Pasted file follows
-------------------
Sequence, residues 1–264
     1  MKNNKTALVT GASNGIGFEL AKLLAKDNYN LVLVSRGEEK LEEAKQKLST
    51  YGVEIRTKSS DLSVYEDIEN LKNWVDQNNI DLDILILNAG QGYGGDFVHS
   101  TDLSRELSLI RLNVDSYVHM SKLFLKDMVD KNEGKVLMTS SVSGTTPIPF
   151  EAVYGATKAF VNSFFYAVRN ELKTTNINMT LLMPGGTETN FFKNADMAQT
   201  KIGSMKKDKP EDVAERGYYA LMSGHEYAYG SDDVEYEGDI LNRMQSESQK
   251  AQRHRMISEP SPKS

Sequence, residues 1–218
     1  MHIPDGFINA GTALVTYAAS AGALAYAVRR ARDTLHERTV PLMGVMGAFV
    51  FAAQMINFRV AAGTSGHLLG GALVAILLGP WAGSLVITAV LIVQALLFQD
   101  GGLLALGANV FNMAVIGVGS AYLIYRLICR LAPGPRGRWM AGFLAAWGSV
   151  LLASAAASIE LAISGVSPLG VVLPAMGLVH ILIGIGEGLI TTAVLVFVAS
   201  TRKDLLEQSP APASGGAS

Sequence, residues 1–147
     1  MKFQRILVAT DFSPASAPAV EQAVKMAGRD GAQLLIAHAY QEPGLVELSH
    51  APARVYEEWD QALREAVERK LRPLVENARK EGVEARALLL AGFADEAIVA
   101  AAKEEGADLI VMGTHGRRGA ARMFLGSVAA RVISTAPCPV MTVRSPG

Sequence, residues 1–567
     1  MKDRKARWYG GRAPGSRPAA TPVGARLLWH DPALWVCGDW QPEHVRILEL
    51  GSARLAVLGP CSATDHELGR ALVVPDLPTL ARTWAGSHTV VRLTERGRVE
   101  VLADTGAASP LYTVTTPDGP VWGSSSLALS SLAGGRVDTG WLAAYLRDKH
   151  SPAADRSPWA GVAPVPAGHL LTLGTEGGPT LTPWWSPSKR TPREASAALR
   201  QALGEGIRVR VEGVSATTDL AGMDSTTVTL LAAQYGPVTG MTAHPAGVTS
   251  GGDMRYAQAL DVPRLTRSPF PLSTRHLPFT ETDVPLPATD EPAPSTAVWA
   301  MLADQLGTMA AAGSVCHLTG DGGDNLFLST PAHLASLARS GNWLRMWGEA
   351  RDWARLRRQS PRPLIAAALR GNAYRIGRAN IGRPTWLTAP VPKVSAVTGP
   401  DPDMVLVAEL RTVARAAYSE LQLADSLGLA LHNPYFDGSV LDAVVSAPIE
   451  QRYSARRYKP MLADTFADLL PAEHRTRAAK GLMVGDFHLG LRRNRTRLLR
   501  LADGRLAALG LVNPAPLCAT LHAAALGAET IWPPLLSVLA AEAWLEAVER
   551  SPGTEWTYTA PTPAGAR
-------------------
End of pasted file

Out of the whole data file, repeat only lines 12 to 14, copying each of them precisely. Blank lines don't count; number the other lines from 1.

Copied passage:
   151  LLASAAASIE LAISGVSPLG VVLPAMGLVH ILIGIGEGLI TTAVLVFVAS
   201  TRKDLLEQSP APASGGAS

Sequence, residues 1–147